Haynes, and two gave testimony which supported the version of the defendant.
It is obvious from the above summary of the evidence that the defendant admits that he shot at Haynes and that he shot and killed Clark. He contends, however, that his conduct was legally justified because he was acting in self-defense when he was attacked by Haynes and Clark. It is apparent from the verdicts that the jury did not believe the evidence presented by the defendant and his witnesses relating to self-defense, but rather believed the evidence of the Commonwealth.
We now consider the several grounds on which the defendant seeks relief from this court.
1. Evidentiary question. Shortly before the shooting that resulted in the charges in these cases, Haynes was facing McGowan and talking with him. McGowan left and started to walk across the street. Haynes then turned around and faced the defendant. Haynes testified, over the defendant's objection and exception, that he then heard someone behind him say: "Shoot that m ..... - f .....!" Testimony indicated that it was at about this time that the defendant shot at Haynes and missed him, and then shot and killed Clark. The person who spoke the words was not identified in subsequent testimony, and the statement was not attributed to the defendant.
The trial judge apparently admitted the statement as part of the "res gestae." The defendant argues here that the statement was not admissible under a theory of "res gestae" because it was neither made contemporaneously with nor immediately after the shooting, but before it. He also contends that the evidence does not come within the "spontaneous utterances" exception to the hearsay rule, citing and quoting from 6 J. Wigmore, Evidence Section 1745 (Chadbourn rev. 1976). We need not pursue either argument because we conclude that the evidence was properly admitted regardless of whether the reason stated by the judge was correct. See Commonwealth v. McLaughlin, 364 Mass. 211 , 221-224 (1973).
We have held on numerous occasions that evidence of statements and other circumstances attending the commission of a crime is admissible to aid the jury by giving them the benefit of the complete occurrence. In Commonwealth v. Simpson, 300 Mass. 45 , 50, cert. denied, 304 U.S. 565 (1938), we said: "A remark heard by a party and which is an occurrence closely connected with and perhaps affecting conduct, the nature of which is in issue, may be put in evidence as a part of matter under investigation. [Citation omitted.] Ordinarily in the trial of a criminal case, the Commonwealth may introduce evidence tending to prove the circumstances under which the crime charged was committed. It may show the whole transaction of which the crime was a part. `Evidence of the attendant circumstances may aid the jury in reaching a verdict by giving them the complete picture. Hartnett v. McMahan, 168 Mass. 3 , 4 .' Commonwealth v. Durkin, 257 Mass. 426 ." Commonwealth v. Murphy, 356 Mass. 604 , 609 (1970). Commonwealth v. Hackett, 2 Allen. 136, 138-140 (1861). See Reardon v. Marston, 310 Mass. 461 , 464-465 (1941). The statement made by the unidentified bystander in the present case qualifies for admission under this rule, and was therefore properly admitted. [Note 3]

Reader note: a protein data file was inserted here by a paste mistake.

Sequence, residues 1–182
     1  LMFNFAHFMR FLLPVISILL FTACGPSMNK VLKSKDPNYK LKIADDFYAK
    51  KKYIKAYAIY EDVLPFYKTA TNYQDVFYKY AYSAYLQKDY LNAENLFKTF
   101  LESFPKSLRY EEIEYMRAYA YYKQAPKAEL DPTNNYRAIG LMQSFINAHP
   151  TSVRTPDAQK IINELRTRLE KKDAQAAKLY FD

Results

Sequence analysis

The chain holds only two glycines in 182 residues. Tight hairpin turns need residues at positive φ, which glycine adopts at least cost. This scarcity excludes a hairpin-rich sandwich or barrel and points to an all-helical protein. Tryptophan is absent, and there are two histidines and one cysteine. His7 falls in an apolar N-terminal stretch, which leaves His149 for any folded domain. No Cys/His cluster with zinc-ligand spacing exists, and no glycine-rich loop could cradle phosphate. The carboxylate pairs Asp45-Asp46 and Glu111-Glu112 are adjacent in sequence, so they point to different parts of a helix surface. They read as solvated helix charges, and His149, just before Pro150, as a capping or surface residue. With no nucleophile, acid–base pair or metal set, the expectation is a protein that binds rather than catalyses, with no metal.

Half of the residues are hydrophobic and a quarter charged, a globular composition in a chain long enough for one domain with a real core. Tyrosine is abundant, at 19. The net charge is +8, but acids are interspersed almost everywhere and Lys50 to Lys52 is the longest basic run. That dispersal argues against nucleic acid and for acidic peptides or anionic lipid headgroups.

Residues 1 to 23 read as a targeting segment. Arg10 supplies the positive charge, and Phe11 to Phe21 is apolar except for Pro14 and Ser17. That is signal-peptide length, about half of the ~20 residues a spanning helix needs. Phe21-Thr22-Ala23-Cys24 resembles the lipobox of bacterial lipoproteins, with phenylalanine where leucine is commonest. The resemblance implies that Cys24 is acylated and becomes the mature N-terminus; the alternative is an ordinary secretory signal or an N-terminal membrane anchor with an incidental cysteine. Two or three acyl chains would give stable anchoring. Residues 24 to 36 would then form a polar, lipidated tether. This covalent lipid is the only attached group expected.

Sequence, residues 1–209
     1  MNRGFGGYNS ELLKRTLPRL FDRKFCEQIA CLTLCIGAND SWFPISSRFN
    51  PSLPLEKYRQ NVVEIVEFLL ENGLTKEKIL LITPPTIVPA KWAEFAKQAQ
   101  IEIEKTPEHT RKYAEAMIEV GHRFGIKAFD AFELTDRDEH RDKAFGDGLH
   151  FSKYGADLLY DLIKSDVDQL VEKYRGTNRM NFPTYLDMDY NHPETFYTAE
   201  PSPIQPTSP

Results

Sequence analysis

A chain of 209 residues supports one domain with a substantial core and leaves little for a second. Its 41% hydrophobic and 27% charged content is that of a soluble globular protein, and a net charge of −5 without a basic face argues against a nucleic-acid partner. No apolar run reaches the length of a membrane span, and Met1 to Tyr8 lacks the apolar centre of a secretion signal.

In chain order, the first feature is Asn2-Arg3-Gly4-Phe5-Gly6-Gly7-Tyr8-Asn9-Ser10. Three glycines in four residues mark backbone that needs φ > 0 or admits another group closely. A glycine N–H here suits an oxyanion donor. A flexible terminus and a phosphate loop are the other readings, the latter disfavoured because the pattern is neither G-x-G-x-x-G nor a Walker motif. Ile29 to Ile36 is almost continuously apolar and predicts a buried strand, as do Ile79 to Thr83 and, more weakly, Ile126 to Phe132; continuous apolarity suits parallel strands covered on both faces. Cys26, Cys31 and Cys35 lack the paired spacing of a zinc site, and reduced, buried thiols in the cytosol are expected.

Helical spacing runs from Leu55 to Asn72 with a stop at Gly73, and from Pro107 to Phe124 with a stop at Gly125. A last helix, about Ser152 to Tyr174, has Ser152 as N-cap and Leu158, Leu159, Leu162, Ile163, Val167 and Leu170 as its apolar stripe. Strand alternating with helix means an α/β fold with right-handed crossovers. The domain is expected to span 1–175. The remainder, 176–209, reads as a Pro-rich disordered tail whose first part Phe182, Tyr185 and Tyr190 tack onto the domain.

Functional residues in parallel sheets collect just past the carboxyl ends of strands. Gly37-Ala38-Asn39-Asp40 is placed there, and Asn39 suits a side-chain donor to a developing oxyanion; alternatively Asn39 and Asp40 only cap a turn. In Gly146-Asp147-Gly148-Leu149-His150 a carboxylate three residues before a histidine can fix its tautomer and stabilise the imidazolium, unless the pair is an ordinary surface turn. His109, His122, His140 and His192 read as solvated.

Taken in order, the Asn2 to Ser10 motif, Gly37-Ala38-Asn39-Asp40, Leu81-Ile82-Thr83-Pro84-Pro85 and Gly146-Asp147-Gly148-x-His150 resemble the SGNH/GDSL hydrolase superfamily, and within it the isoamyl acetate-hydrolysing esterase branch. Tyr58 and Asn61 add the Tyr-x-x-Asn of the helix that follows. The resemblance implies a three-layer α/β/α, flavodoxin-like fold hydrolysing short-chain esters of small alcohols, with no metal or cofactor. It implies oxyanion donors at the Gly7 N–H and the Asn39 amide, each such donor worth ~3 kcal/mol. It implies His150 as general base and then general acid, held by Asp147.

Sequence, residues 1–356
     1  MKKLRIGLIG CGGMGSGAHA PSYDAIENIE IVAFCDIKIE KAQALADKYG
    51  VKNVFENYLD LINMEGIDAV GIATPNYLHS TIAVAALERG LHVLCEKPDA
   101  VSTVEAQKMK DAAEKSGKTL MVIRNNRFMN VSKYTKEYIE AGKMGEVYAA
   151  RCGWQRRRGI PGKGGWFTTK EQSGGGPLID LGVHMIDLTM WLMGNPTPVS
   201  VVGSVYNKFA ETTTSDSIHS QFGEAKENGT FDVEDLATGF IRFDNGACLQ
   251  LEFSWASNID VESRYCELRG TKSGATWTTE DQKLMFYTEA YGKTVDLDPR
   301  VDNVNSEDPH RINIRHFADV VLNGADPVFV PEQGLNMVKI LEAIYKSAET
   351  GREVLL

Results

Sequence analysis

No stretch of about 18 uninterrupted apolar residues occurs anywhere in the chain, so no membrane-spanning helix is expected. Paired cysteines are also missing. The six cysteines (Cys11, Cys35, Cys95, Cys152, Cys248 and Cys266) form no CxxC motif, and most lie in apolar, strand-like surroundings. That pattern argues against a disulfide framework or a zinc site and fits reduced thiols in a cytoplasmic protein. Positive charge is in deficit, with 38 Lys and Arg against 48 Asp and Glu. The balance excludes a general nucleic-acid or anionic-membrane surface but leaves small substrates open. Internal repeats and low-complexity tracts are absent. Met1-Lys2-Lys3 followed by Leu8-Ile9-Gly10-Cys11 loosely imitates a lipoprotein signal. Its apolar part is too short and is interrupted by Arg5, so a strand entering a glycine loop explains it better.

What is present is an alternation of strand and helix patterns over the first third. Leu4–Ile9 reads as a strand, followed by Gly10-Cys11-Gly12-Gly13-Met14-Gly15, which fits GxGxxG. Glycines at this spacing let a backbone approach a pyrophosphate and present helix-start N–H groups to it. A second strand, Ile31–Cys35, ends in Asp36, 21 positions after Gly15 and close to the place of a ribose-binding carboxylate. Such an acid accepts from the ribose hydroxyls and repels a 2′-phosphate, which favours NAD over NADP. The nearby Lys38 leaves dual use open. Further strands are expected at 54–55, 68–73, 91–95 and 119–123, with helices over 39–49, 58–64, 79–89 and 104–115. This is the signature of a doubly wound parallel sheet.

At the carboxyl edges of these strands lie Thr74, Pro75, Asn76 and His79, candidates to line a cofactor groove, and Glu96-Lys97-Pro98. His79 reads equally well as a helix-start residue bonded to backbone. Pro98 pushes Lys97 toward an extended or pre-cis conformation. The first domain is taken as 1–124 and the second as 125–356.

2. Instructions to jury on self-defense. The judge's instructions to the jury on the subject of self-defense were rather extensive, occupying about ten pages in the trial transcript. At the close of the instructions the defendant asked the judge to instruct the jury further on two points. He asked that the judge charge "that Harris had just as much right on the corner there that afternoon as anybody else," and that the judge give the jury "further explanation as to at what point was the defendant to have availed himself of the opportunity to escape or avoid combat." The judge did charge the jurors to consider all the conditions existing at the time and place of the shooting in deciding (a) whether the defendant "had reasonable grounds to believe and actually did believe that he was in imminent danger of death or serious bodily harm ... from which danger he could save himself only by using deadly force against his assailant," (b) whether "he, the defendant, had availed himself of all proper means to avoid physical contact before resorting himself to defense by the use of a deadly force or a deadly weapon," and (c) whether the force used by the defendant was reasonable or was excessive in all the circumstances of this case.